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Police expected to use judgment when enforcing Quebec curfew: minister

MONTREAL — Quebec's public security minister said she doesn't expect the province's upcoming curfew to have a major impact on people who are following the rules.
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MONTREAL — Quebec's public security minister said she doesn't expect the province's upcoming curfew to have a major impact on people who are following the rules.

"For most of you who respect the health orders, this will not change your lives a lot, but for those who still like to gather with friends, the ball game just became way more difficult," Genevieve Guilbault told reporters Thursday.

She warned that Quebecers who are outdoors during the curfew should be prepared to prove to police that they have a legitimate reason for leaving home. "This is the basic concept of the curfew: you shouldn't be outside of your home and if you are, you have to be ready to explain why," she said. 

The curfew, which goes into effect Saturday evening, will prohibit Quebecers from being on the street between 8 p.m. and 5 a.m. It will last at least four weeks, until Feb. 8. Fines for curfew violators will range from $1,000 to $6,000.

At a press conference announcing the measure Wednesday, the government blamed private gatherings for the recent rise in the number of new COVID-19 cases, without providing data. 

People who want to gather in private homes will have to leave before 8 p.m., stay until 5 a.m., or risk being stopped by police, Guilbault said. "It will be a lot more complicated for people to go in another person's house in the evening or the night."

There will be exceptions for people travelling to and from work and for essential workers, she said. Pharmacies can stay open past 8 p.m. and restaurants will be permitted to continue delivering food after the curfew.

And while people can walk their dogs after 8 p.m. — within one kilometre of home — people will not be allowed to leave their property to smoke a cigarette or to exercise, Guilbault said. 

It will be the responsibility of anyone caught outside past curfew to explain themselves to police, she said, adding that employers are encouraged to issue permission letters to employees who need to be out late.

Police will have to use their judgment, Guilbault said. "I am confident they will apply the rules with a lot of judgment and efficiency."

Asked how the government will ensure racialized minorities aren't disproportionately targeted by police enforcing the curfew, Guilbault said the law will apply to everyone equally and that steps had been taken to fight racial profiling by Quebec officers.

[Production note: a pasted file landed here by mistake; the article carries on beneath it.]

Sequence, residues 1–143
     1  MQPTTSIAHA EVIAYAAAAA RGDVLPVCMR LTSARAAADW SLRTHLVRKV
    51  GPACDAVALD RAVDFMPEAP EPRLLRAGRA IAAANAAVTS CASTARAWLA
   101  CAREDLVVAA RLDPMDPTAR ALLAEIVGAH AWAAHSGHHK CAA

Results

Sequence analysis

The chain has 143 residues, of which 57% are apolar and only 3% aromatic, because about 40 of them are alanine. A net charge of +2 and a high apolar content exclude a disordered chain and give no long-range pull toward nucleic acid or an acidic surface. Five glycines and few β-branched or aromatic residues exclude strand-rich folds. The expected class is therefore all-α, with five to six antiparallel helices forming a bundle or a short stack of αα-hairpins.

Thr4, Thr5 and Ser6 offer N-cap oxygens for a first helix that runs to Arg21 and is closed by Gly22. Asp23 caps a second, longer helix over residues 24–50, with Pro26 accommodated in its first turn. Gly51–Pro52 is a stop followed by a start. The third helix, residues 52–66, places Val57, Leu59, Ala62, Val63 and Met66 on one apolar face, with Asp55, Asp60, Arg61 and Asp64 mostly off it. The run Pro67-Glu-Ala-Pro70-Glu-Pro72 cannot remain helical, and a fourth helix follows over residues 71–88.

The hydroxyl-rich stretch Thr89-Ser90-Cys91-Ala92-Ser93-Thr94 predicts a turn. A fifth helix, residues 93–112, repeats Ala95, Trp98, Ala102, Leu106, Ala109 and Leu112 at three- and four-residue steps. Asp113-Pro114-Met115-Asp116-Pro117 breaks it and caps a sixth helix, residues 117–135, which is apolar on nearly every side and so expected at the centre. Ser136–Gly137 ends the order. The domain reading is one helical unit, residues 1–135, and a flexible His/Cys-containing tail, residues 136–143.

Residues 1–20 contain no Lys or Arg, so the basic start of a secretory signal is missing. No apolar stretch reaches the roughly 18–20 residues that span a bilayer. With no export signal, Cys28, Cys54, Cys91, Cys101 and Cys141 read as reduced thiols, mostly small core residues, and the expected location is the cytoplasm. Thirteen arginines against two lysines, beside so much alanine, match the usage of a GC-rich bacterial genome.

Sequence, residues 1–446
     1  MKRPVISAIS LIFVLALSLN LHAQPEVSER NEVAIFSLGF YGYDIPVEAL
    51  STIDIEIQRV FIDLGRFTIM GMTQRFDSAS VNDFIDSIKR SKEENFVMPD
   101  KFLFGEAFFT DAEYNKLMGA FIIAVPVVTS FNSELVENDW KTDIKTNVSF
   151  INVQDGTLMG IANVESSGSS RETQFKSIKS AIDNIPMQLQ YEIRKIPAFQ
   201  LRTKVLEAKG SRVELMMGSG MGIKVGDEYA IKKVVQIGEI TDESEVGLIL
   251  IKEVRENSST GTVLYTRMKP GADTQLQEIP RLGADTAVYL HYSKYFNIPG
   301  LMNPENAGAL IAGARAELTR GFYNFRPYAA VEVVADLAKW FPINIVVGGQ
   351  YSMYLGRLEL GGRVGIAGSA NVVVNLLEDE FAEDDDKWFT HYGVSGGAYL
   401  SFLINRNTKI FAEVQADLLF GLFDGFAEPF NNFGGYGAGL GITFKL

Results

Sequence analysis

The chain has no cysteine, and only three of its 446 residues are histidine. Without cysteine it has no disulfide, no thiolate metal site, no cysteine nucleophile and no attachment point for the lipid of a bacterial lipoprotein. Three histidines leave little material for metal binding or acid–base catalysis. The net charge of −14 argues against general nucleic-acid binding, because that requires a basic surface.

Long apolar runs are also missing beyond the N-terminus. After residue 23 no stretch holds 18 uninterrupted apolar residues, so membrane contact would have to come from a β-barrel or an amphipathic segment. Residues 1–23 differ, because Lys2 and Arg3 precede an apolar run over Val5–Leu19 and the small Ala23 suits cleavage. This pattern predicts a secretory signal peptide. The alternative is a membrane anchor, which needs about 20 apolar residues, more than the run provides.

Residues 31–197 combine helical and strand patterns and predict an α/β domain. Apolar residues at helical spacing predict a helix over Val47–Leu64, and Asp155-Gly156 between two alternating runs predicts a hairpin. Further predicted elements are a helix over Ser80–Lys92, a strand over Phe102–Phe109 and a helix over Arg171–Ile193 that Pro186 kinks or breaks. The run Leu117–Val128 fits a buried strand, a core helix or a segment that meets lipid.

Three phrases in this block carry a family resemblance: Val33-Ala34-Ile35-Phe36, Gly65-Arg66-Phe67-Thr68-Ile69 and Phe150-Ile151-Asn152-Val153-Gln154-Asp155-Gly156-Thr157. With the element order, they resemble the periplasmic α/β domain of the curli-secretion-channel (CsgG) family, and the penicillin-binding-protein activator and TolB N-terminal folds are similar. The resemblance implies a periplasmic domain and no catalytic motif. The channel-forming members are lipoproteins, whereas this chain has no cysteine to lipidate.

A 2019 study commissioned by Montreal found that Black and Indigenous people were four to five times more likely to be stopped by city police than were white people.

While there will be no specific exception for homeless people, Guilbault said she wants police to be "tolerant."

Gabriel Nadeau-Dubois, co-spokesperson for Quebec's second-largest opposition party, Quebec solidaire, said the government hasn't demonstrated there is scientific justification for the curfew. 

"To restrict the liberty of individuals so much, you have to have excellent reasons," he said in a statement. "For transparency, we are asking the premier to release the advice from public health that justifies the imposition of a curfew."

Manuel Dionne, Legault's director of communications, shot back on Twitter, saying a curfew was based on "a recommendation from public health. Period." Dionne also suggested Nadeau-Dubois was flirting with conspiracy theories.

Marie Montpetit, health critic for Quebec's Official Opposition, said if the curfew isn't coupled with more testing — particularly of asymptomatic people — and with improved contact tracing and more vaccinations, she said she worries it won't work.

"Once again, we're asking a lot of Quebecers," she said in an interview Thursday. The measures announced last night "apply to citizens but we're still waiting to find out how the government itself will participate in the war effort." 

She said she's concerned Quebec isn't vaccinating people fast enough, adding that the province is behind its own schedule. Health officials said they administered 9,960 doses of vaccine Wednesday, for a total of 48,632.

And while Legault has blamed Ottawa for not sending the province enough doses, Montpetit said Quebec has doses available that it hasn't given out. 

Quebec reported 2,519 new COVID-19 infections Thursday and 74 more deaths attributed to the virus, including 16 that occurred in the past 24 hours. Officials said hospitalizations dropped by 13, to 1,380, and 202 people were in intensive care, the same number as the prior day. 

Earlier in the day, a government-mandated health-care think tank warned there is a real risk the Montreal region will run out of dedicated hospital capacity for COVID-19 patients with the next three weeks. Quebec has reported 220,518 confirmed cases of COVID-19 and 8,562 deaths linked to the virus since the beginning of the pandemic.

This report by The Canadian Press was first published Jan. 7, 2021.

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This story was produced with the financial assistance of the Facebook and Canadian Press News Fellowship.

Jacob Serebrin, The Canadian Press